Ron went to join the group.
“She got a letter from home this morning,” Parvati whispered. “It's her rabbit,
Binky. He's been killed by a fox.”
“Oh,” said Hermione, “I'm sorry, Lavender.”
“I should have known!” said Lavender tragically. “You know what day it is?”
“The sixteenth of October! 'That thing you're dreading, it will happen on
the sixteenth of October!' Remember? She was right, she was right!”
The whole class was gathered around Lavender now. Seamus shook his head seriously.
Hermione hesitated; then she said, “You—you were dreading Binky being killed
by a fox?”
“Well, not necessarily by a fox,” said Lavender, looking up at Hermione with
streaming eyes, “but I was obviously dreading him dying, wasn't l?”
“Oh,” said Hermione. She paused again. Then
“Was Binky an old rabbit?”
“N—no!” sobbed Lavender. “H—he was only a baby!”
Parvati tightened her arm around Lavender's shoulders.
“But then, why would you dread him dying?” said Hermione.
Parvati glared at her.
“Well, look at it logically,” said Hermione, turning to the rest of the group“I
mean, Binky didn't even die today, did he? Lavender just got the news today-”
Lavender wailed loudly. “and she can't have been dreading it, because it's come
as a real shock —”
“Don't mind Hermione, Lavender,” said Ron loudly, “she doesn't think other
people's pets matter very much.”
Professor McGonagall opened the classroom door at that moment, which was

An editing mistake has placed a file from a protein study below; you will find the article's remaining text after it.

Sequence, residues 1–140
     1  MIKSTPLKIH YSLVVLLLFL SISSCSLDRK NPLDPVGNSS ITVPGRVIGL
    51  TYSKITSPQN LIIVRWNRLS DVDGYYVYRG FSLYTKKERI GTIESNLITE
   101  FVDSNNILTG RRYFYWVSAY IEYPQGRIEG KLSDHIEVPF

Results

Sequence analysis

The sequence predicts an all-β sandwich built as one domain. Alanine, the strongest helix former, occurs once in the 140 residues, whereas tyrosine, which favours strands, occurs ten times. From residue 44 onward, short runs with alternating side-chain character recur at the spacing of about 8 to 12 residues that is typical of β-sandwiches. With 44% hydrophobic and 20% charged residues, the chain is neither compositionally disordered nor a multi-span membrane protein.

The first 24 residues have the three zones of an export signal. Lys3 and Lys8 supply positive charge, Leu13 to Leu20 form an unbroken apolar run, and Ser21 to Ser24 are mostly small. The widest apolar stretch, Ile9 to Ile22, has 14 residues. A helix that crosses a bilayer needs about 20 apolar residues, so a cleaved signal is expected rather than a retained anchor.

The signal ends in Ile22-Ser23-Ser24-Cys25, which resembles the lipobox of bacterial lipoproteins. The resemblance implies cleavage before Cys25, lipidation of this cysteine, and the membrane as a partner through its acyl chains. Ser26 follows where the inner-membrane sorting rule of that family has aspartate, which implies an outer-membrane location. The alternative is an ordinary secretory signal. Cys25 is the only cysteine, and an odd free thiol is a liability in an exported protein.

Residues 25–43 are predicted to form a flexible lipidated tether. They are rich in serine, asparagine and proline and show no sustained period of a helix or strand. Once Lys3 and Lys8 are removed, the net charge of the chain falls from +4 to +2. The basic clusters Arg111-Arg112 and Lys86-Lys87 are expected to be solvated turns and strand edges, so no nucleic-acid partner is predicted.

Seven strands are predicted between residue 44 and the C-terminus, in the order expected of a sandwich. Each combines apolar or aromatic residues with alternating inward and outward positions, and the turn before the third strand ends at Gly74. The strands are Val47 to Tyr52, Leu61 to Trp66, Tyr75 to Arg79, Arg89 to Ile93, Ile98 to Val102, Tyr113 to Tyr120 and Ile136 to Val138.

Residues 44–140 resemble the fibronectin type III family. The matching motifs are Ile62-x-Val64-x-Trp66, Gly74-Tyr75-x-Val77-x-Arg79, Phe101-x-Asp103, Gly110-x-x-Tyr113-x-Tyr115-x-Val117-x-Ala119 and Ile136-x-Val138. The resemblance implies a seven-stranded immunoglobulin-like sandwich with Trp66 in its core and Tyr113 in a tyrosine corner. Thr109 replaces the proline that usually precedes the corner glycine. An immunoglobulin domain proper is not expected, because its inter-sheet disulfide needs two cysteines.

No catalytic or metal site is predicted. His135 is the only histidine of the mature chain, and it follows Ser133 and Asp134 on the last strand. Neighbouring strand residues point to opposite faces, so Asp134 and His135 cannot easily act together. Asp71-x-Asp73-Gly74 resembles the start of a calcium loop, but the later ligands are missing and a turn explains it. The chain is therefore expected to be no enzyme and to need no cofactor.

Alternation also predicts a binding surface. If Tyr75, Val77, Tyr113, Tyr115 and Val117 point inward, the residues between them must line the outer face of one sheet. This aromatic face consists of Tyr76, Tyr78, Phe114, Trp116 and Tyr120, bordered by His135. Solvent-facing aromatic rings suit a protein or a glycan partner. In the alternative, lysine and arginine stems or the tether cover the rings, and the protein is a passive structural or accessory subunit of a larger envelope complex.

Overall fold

perhaps lucky; Hermione and Ron were looking daggers at each other, and when
they got into class, they seated themselves on either side of Harry and didn't
talk to each other for the whole class.
Harry still hadn't decided what he was going to say to Professor McGonagall
when the bell rang at the end of the lesson, but it was she who brought up the
subject of Hogsmeade first.
“One moment, please!” she called as the class made to leave. “As you're all
in my House, you should hand Hogsmeade permission forms to me before Halloween.
No form, no visiting the village, so don't forget!”
Neville put up his hand.
“Please, Professor, I—I think I've lost
“Your grandmother sent yours to me directly, Longbottom,” said Professor
McGonagall. “She seemed to think it was safer. Well, that's all, you may leave.”
“Ask her now,” Ron hissed at Harry.
“Oh. but —” Hermione began.